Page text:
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Gina Stepp has a master's degree in forensic psychology with an emphasis on trauma and resilience. As family and relationships editor for Vision, she examines the role interpersonal connection plays in ensuring human well-being.

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Hidden Mother's Day Gifts: Neuroscience and Relationships

  
  
  

family relationships

 Image by Kenneth B. Moore

The black, sparkly nail polish I'm wearing today is just far enough out of character that it prompted one of my friends to ask, "Are you going Goth on us?" Considering that for some weeks now I have been able to feel the breath of my 50th birthday blasting its warmth upon my neck (assuming it isn't actually a hot flash), I suppose I shouldn't be surprised if my finger fashion screams "midlife crisis" to everyone I meet. But no, it's just that my almost-8-year-old daughter lovingly painted my nails for Mother's Day: one of many memorable gifts showered on me by my family. I am honor-bound to proudly wear it until there are enough chips to justify its official removal. From an 8-year-old's perspective, that requires a lot of chips, but I really don't mind. It's almost rejuvenating to glance down and see the manicure of a teenage girl tapping away at the keys as I type.

Perhaps what my friends tell me is true: this child who was born just as I turned 42 is destined to keep me young. But that familiar cliche is only partly right. According to neuroscience research, my other two daughters—the now college graduate and the soon-to-be high-school freshman—have made similar contributions to my youth and vitality.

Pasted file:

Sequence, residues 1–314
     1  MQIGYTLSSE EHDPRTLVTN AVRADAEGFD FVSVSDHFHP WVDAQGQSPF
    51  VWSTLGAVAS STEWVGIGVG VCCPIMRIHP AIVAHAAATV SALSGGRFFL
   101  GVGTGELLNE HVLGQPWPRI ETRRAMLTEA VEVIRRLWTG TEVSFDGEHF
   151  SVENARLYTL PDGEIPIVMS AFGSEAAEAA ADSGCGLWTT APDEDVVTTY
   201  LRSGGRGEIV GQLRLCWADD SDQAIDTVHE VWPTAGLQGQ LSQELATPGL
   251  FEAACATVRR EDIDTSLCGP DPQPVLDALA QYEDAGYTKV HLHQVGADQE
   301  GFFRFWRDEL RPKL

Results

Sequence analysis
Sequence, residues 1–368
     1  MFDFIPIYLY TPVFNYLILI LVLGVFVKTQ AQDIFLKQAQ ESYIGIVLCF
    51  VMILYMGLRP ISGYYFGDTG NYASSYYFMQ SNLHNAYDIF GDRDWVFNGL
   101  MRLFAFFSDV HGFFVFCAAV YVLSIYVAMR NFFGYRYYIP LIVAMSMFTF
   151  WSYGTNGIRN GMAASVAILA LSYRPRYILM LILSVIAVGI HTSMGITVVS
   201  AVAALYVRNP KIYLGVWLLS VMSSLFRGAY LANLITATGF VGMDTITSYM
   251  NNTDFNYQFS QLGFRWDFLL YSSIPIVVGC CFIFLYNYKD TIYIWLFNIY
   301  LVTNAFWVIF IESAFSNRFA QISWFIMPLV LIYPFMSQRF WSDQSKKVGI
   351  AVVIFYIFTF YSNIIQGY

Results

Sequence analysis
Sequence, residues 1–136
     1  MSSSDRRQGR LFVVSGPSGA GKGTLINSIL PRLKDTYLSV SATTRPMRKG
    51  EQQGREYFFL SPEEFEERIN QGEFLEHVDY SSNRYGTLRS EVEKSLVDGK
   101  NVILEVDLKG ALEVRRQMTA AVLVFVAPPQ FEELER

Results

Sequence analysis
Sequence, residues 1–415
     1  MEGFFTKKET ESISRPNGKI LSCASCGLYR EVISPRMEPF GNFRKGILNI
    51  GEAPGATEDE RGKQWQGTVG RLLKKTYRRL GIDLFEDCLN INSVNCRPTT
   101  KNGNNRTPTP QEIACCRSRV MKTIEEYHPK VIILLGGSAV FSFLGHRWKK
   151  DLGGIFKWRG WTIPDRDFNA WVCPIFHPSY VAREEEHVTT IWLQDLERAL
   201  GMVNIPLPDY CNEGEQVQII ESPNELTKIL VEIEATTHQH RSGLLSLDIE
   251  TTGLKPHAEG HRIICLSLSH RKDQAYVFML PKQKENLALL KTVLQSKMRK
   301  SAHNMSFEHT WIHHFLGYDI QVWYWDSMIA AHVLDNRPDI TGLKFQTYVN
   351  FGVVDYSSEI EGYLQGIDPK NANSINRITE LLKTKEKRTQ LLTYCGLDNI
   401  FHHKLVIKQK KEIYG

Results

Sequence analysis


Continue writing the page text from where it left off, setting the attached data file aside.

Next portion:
In fact, mothers everywhere (as well as fathers, grandparents, aunts, uncles, and anyone else who shares in the challenging pleasure of nurturing children) receive tremendous, if not always obvious, gifts all year long as a result of the interactions they have with their young charges.

While mothers may have an advantage through the additional contributions of pregnancy hormones (see The Mother Load: The Neuroscience of Motherhood), they are by no means the only ones reaping rewards.

Neuroscience tells us that human minds are interdependent; that interpersonal relationships literally affect the shape of the brain. In his 2010 book The Forgotten Kin: Aunts and Uncles, Robert M. Milardo, a professor of Family Relations at the University of Maine, focuses in particular on the positive effects children and their parents' siblings have on one another, and the vital role each can play in the other's life.

Milardo's book is just as important for parents to read as it is for aunts and uncles: especially those who have drifted apart from brothers and sisters in adulthood. Of course, The Forgotten Kin may motivate parents to revisit and restore positive sibling relationships for the benefit of their children, but if they succeed, their children will not be the only ones who benefit.

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